During his nearly four decades in power, from 1979 to 2017, Mr. dos Santos led his resource-plentiful nation through seemingly endless conflict and an uneasy peace marked by corruption that funneled vast riches to his family and a favored few while leaving most Angolans in dismal poverty.
More than half a million people were killed in a civil war that displaced more than 3 million and left much of the country in ruins or pocked with land mines, even as Angola became Africa’s second-largest oil producer and third-largest producer of diamonds.
A fiercely private, even reclusive figure, Mr. dos Santos largely eschewed any cult of personality. Even his image on the country’s currency was partly concealed by another portrait. He gave few speeches or interviews, revealing little of his personal life. He offered a tight-lipped smile in official photos, none of which showed his office or homes.
Mr. dos Santos was eventually forced into exile — to a $7.2 million mansion in Barcelona — after his successor, President João Lourenço, unexpectedly launched an anti-corruption crackdown that closed in on the long-untouchable dos Santos family and its associates.
The chief target of the probe was Isabel dos Santos, the former president’s eldest daughter and reputedly Africa’s richest woman. She was charged in 2020 with money laundering, forgery and other financial crimes stemming from her tenure as head of Angola’s national oil company, Sonangol.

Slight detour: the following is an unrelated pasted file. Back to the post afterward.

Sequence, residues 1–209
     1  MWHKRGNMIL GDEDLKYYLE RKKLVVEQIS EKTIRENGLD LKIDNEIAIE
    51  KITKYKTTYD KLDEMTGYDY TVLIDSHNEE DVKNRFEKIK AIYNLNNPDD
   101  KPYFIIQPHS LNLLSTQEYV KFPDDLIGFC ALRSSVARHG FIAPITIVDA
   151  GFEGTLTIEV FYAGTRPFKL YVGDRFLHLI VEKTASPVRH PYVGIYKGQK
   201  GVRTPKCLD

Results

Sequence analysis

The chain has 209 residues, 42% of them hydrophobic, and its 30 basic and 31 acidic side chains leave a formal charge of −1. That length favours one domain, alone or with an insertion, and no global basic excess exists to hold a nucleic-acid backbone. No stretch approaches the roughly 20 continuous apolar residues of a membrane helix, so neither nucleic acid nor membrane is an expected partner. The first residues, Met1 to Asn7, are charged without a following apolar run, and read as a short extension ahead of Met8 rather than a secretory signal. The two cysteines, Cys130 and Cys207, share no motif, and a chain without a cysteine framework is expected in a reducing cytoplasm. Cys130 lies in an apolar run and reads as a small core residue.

Prosecutors relied in large part on a massive trove of leaked financial and business records revealed by news organizations working with the International Consortium of Investigative Journalists, a Washington-based investigative nonprofit. The “Luanda Leaks” scandal tied Isabel dos Santos or her husband to more than 400 corporate entities in 41 countries and offshore tax havens.
She had opulent homes in London and Dubai and built a secretive business empire worth an estimated $3.5 billion, but denied wrongdoing. Two of her half siblings fled abroad. A half brother, José Filomeno dos Santos was arrested in 2018 and later sentenced to five years in prison for embezzling up to $500 million from Angola’s sovereign wealth fund, which he had led.
In all, the Lourenço government estimated that more than $24 billion was looted during Mr. dos Santos’s rule, allegedly through illegal diversion of oil revenue, sweetheart government contracts, deeply entrenched patronage and other schemes.
Mr. dos Santos “allowed his immediate and extended family and associates to dominate commercial activity in what became a stagnating economy [and] a textbook kleptocracy,” said Alex Vines, head of the Africa program at Chatham House, a British think tank.
Despite his understated public image, Mr. dos Santos held nearly unfettered power. He headed the armed forces, oversaw security agencies and led the Popular Movement for the Liberation of Angola, or MPLA, the forces that have dominated nearly every facet of Angolan life since the Portuguese colony won independence in 1975.
At that point, Mr. dos Santos’s faction was backed by Cuba and the Soviet Union. The United States and apartheid-era South Africa supported the MPLA’s chief military rival, known by the acronym UNITA, fueling a ruinous superpower proxy war for control of Angola. The country’s civil war outlasted the Cold War, sputtering to a close only in 2002.
During his long tenure, Mr. dos Santos’s regime relied on what State Department human rights reports described as arbitrary arrests, torture and extrajudicial killings, as well as a murky judicial process and limits on free assembly, speech and the press.